CAN DE BEERS HOLD ON TO ITS HAMMERLOCK?
Russians have seen a lot of latter-day business prospectors from the West. But few have more at stake than De Beers Consolidated Mines Ltd., the South African diamond colossus that controls some 80% of world sales. In early September, all of De Beers' top brass, led by its octogenarian patriarch, Harry F. Oppenheimer, fanned out across the republic, wooing officials. At ceremonies in Moscow to mark the opening of the company's first Russian office, Harry's son and De Beers Deputy Chairman Nicholas F. Oppenheimer toasted "the momentous event for De Beers."
Indeed it is. De Beers' efforts to strengthen its ties with the Russians come at a critical juncture. As the company faces the most dire business climate in a decade, its hammerlock on output and prices is loosening. Some suppliers are already bypassing the Central Selling Organization (CSO), the powerful De Beers-led cartel, and selling directly to dealers in Antwerp and Tokyo. De Beers executives admit they will spend $350 million this year just to buy up rogue supplies from thousands of miners in Angola. Beyond that, Russia's post-coup restructuring and its hunger for hard currency could lead to a breakup of its diamond industry, leaving the world awash in lustrous stones. The value of Russia's output is second only to that of De Beers' mines.
Russian producers are already dumping some diamonds in violation of a 1990 agreement with De Beers. The deal provides the Russians with $5 billion over five years in return for giving the CSO exclusive marketing rights for 95% of their uncut diamonds for export. But analyst John Taylor of James Capel & Co. in London figures Russia may be dumping up to 25% of its $1.5 billion annual output. The stones are leaking out while Moscow and leaders of the autonomous republic of Yakutia, home to 99% of Russia's output, are locked in a power struggle for control of the lucrative business.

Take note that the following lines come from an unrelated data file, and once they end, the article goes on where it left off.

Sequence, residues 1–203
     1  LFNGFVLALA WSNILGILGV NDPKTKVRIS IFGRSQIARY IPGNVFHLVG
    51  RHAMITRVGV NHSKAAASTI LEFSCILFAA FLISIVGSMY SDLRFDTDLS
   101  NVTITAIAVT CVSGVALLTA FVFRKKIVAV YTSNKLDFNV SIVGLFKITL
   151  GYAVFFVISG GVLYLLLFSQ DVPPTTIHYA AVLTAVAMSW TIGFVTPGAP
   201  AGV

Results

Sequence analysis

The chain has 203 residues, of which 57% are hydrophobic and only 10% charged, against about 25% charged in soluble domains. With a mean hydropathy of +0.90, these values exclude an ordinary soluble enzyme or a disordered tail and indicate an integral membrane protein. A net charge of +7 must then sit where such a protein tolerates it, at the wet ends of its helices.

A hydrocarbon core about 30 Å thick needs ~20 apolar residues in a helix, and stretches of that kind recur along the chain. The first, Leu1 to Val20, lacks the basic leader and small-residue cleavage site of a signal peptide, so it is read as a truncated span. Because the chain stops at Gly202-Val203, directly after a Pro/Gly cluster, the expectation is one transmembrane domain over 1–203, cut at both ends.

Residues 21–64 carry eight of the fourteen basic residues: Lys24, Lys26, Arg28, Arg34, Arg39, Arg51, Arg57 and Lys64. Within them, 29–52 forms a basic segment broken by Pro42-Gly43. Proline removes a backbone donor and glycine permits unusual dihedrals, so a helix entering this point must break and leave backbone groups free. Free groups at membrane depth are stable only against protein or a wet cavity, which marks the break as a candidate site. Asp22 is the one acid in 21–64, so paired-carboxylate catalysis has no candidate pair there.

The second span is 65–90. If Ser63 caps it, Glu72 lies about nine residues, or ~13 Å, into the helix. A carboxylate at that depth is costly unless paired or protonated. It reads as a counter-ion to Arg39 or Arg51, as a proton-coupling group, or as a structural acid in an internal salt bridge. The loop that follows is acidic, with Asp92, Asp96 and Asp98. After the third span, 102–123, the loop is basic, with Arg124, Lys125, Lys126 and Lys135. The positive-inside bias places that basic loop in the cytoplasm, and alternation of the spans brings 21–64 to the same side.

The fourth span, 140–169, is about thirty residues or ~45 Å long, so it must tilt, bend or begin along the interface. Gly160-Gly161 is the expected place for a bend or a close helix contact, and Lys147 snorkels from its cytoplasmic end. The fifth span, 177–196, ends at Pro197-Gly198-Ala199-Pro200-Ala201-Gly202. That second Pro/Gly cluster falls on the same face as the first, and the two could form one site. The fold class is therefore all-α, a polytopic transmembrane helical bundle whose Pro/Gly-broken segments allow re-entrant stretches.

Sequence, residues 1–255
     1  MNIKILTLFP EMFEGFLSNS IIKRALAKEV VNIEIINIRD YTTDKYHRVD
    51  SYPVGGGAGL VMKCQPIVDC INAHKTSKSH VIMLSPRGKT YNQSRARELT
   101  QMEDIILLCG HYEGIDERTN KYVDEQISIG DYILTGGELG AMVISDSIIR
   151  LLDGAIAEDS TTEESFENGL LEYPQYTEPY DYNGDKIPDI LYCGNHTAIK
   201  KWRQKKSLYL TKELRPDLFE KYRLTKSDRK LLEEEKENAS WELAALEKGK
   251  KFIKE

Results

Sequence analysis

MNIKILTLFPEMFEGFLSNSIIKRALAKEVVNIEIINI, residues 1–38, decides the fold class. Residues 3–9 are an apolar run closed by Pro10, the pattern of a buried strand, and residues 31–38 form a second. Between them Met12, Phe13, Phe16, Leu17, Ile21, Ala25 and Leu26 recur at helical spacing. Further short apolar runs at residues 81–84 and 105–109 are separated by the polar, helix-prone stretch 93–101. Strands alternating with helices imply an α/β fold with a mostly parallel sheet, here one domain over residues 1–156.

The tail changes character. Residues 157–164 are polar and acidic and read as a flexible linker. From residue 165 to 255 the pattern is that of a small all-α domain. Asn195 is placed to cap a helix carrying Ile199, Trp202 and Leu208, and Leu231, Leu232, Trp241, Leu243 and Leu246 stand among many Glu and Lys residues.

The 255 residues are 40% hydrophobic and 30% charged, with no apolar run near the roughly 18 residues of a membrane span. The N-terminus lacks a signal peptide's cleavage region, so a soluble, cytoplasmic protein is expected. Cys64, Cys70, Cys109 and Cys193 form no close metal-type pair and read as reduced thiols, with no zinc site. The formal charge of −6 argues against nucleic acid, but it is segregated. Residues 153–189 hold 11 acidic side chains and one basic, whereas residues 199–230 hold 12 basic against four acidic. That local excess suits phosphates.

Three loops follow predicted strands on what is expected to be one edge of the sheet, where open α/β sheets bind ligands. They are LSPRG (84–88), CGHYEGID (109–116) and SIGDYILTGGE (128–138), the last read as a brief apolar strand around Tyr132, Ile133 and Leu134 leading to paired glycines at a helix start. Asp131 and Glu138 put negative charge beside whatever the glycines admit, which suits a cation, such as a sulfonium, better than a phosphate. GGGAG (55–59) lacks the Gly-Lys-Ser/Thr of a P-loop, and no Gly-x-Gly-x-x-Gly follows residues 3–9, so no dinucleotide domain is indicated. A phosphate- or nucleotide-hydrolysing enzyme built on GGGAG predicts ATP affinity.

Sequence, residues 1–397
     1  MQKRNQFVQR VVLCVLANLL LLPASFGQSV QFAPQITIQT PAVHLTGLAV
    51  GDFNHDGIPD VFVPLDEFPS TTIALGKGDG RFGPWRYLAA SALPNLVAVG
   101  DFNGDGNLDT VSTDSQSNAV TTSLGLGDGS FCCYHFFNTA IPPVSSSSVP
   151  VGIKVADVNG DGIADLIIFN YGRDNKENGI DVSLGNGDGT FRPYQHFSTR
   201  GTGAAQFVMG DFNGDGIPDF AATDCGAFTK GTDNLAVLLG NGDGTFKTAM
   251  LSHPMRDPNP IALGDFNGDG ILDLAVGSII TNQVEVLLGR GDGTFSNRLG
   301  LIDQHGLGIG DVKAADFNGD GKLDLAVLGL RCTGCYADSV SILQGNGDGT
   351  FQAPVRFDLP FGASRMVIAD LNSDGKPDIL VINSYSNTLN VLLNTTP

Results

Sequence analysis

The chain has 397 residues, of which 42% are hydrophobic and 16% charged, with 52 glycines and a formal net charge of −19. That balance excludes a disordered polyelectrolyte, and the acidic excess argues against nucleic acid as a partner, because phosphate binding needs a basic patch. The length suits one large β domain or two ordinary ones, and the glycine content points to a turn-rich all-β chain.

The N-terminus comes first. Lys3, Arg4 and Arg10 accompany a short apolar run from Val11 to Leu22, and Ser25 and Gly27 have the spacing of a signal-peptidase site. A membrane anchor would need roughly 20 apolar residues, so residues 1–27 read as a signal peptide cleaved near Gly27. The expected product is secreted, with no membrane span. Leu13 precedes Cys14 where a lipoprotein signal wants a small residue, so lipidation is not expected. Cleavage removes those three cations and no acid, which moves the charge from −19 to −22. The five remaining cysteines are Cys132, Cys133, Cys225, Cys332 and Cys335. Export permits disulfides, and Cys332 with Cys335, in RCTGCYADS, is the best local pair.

SLOWER GOING. To win friends, De Beers is going all out. Harry Oppenheimer, the former chairman whose family controls the business, toured the Yakutia fields and sat down with Yakutia President Mikhail Nikolayev. Backing up the talk, De Beers is promising at least $300,000 worth of equipment to set up a new Russian diamond-polishing venture. In the end, Nicholas Oppenheimer believes the Russians recognize that their own interests will be best served by maintaining "the well-being and stability of the industry" by relying on the CSO's marketing clout.
De Beers is anything but stable these days. The first jolt came in late August, when De Beers Chairman Julian Ogilvie Thompson stunned investors with news that first-half profits dropped 26% and a dividend cut was looming. He admitted that De Beers had underestimated the severity of the U.S. recession, the slowdown in Japanese jewelry buying, and the seepage of diamonds from Russia and Angola. He also revealed that the CSO was ordering suppliers to cut output by 25% or to stockpile that amount of production. It's an effort to mop up a diamond surplus this year that's likely to exceed De Beers' estimated sales of $3.2 billion--which would be down 18% from last year. Investors, who had been been led to believe in a second-half upturn, have spurned the stock, knocking 30% off its value.
The pressures appear unrelenting. There's no sign of a turn in the world economy and no shortage of production coming on stream from South Africa to Canada and Australia. Analysts think De Beers may spend up to $1 billion this year to soak up excess supplies and maintain prices--an expenditure that would wipe out its cash balances.In the 104-year history of De Beers, there have been plenty of upsets. Harry Oppenheimer recently predicted the company would emerge successfully from the "grave immediate dangers." But it could emerge much smaller. In the 1990s, "the priorities are different," says London jeweler Theo Fennell. "The market is not as big as it was." That's a sobering thought as De Beers seeks to convince the Russians that their diamond interests are forever.Richard A. Melcher in London and Deborah Stead in Moscow, with Alan Fine in Johannesburg and bureau reports